This ride also offers the strange and exotic opportunity to stay at El Rancho del Stumpo del Norte, free of charge. El Rancho–the beginning and end of the route–is a demi-funky log home with an outbuilding and lots of covered porch area on five secluded acres about ten miles east of Sequim. (That’s right; it’s nowhere.) There is effectively unlimited camping space, whether that means pitching a tent or throwing a sleeping bag on the porch or passing out “dead” drunk on the rocked-in fire pit in the back yard. There will be unlimited supplies of ale; there will be music indoors and out; there will be fire and food cooked over fire. There will be The Most Interesting Dog in the World.

    More importantly, there will be Velominati. And their bikes. And a big fucking climb. And, as should follow, one of the funnest descents ever: smooth pavement, light traffic, and views that tempt you to divert your gaze from your line at high rates of speed.

    The details of the route are to be determined; ongoing work on Hwy 101 will determine some details. But this is the general idea: http://www.mapmyride.com/routes/view/387985892. Basically, we’re talking 150km, roughly, with a 1600-meter climb in the middle of it, with maybe 2400 meters of total elevation gain. Have a look at the route, and you’ll see a very symmetrical pattern: a flat, a climb, a flat. You could, I suppose, use an internal combustion device to avoid the flat bits. I don’t know why you would, but you could. There are ample opportunities to water up or refuel in Sequim and in Port Angeles, which is at the beginning of the business. At the top of Hurricane Ridge, there’s a lodge with basic services (water, bathrooms, and crap food). For detailed info, email me at davidbrande(aht)gmail(dawt)com.

    Event Details

    Loading Map....

    Date/Time
    Date - August 23, 2014
    9:05 AM - 8:00 PM

    Location
    Peakintwoyears HQ

    Cogal Details
    Route Details

    Ride Classification

I’m not even talking about all the pseudo-asthmatics out there, vaping their way to better breathing. My breathing is just fine. It’s my little citron sized heart that is slowing me down. Is there a street-legal injection or vacuum pump for heart enlargement, or a trip to a doctor in the Congo that would transplant a badass Mandrill heart for m...

@ChrissyOne's posts:

  1. “After dosing mid-ride, I get a very uncomfortable hypo-glycemic out-of-body experience and my brain detaches.” That can be fun if handled carefully. Away from traffic. I have a quad mocha every morning for baseline. I try to drink very little right befo… »

Before Tomac and Ned, before LeMond and Big Mig, there was Bob Hannah. For a young lad obsessed with motorcycles as well as bicycles, the ‘Hurricane’ was the epitome of style on a bike. His bright yellow Yamaha YZs and matching head-to-toe kit set the bar and inspired me to emulate not only his style on the bike, but off it too. If onl...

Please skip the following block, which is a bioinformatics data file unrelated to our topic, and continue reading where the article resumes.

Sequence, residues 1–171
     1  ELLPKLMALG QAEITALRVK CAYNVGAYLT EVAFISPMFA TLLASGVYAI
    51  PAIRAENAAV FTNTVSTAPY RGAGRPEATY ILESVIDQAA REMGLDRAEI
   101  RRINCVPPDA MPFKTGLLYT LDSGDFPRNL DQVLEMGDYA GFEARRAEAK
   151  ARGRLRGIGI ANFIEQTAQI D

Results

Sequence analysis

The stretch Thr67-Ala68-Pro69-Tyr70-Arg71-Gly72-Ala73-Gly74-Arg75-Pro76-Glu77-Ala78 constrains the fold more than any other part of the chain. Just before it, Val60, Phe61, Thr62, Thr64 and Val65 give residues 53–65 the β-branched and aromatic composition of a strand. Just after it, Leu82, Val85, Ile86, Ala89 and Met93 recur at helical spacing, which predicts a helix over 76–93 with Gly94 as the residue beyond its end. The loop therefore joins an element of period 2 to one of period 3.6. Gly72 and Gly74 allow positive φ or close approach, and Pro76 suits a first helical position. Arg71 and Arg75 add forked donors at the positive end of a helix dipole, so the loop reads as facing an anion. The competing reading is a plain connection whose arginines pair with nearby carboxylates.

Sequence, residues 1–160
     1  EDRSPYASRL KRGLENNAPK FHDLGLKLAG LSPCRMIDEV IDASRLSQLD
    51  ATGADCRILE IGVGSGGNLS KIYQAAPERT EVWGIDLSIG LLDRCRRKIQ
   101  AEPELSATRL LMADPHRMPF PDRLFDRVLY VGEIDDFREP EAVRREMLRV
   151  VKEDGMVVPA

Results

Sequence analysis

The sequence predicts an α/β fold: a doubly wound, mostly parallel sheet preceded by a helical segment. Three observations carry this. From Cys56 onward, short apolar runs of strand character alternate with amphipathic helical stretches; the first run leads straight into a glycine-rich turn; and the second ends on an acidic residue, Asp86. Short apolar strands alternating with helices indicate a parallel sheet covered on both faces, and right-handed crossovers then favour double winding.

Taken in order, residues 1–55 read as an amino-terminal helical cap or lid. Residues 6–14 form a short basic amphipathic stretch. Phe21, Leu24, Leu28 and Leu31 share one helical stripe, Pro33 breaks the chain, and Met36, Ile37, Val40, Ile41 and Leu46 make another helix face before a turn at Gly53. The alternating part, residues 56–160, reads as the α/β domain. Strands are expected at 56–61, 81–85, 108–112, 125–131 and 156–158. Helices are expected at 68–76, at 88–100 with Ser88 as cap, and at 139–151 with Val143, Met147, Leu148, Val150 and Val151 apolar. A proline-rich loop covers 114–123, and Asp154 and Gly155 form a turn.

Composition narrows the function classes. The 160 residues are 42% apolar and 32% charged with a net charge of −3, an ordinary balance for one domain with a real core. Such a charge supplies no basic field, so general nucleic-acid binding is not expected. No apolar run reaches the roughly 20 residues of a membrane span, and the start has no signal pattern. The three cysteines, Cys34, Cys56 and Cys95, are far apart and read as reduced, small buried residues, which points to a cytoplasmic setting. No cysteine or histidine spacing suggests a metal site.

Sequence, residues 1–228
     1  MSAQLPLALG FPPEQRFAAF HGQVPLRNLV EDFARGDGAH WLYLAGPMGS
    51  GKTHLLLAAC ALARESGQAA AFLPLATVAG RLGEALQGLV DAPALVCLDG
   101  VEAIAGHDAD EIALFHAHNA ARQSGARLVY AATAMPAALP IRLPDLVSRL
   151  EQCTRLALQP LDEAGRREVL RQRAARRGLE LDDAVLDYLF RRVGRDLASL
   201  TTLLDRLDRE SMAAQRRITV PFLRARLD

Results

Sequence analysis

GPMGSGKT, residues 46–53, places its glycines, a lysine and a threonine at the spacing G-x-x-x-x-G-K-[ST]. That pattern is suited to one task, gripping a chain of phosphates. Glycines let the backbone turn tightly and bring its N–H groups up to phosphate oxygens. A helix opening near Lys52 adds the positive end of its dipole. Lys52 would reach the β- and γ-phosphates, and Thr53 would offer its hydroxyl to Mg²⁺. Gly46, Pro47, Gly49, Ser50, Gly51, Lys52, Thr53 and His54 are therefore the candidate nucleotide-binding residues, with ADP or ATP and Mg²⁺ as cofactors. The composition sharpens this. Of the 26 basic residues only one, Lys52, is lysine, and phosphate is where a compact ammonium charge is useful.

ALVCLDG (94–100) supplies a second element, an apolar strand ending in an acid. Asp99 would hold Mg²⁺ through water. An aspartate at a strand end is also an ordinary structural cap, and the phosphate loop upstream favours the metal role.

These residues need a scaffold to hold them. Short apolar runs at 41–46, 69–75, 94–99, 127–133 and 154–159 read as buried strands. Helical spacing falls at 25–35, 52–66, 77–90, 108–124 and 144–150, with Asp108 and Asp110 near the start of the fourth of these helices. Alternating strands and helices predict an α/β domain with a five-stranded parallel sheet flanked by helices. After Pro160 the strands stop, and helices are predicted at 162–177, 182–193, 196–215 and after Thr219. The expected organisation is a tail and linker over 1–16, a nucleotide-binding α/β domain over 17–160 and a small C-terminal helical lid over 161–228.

@ChrissyOne's posts:

  1. Sweet bike Marco!! A friend of mine had an XR like that. Loved the sound of it. »

  2. @Teocalli Too true! Kenny Roberts certainly wasn’t the first, just as Merckx wasn’t the first Hard Man. But Kenny is the reason we ride the way we do today, and a major reason that racing evolved the way it did. He’s the reason I’m dragging a knee and e… »

  3. @DeKerr Sadly no, but it does grace my phone lock screen… …and my track day company (the one I’m working for in these shots) did use another photo fopr their motorcycle show booth this year: »

  4. @Bespoke The pros get even lower. Here’s Bradl last weekend. »

  5. Beautiful!!! »

  6. Yep. Just repeat this as you ride in traffic: “Everyone is trying to kill me.” “Everyone is trying to kill me.” “Everyone is trying to kill me.” When approaching a stopped car at a cross street, expect the idiot to pull out in front of you. Have a han… »

  7. The whole “getting drivers to see me” thing is really a losing battle, BTW. You can’t depend on that. I don’t even think of drivers as sentient beings that can hear or see. When I’m riding in traffic, I imagine I’m rafting down whitewater rapids, surround… »

Those of you in the PacNW have likely heard of the (in)famous “Seattle to Portland” ride, or “STP.” It is produced by a large local bike club and sponsored by a large corporate health care entity. I’ve ridden it several times over the years, and it has its charms. But going for a bike ride with 10,000 of my closest fri...

@ChrissyOne's posts:

  1. Ride the Cascades with the Velominati

    Those of you in the PacNW have likely heard of the (in)famous “Seattle to Portland” ride, or “STP.” It is produced by a large local bike club and sponsored by a large corporate health care entity. I’ve ridden it several times over the years, and it has its charms. But going for a bike ride with 10,000 of my closest friends has gotten…tiresome and cloying. When I first starting riding bikes a few years ago, STP was something of a challenge. A double century over two days seemed to be something epic, something life changing. At the time, it was something to aim for, and I’m glad I did it a few times with Mrs/Dr Eightzero.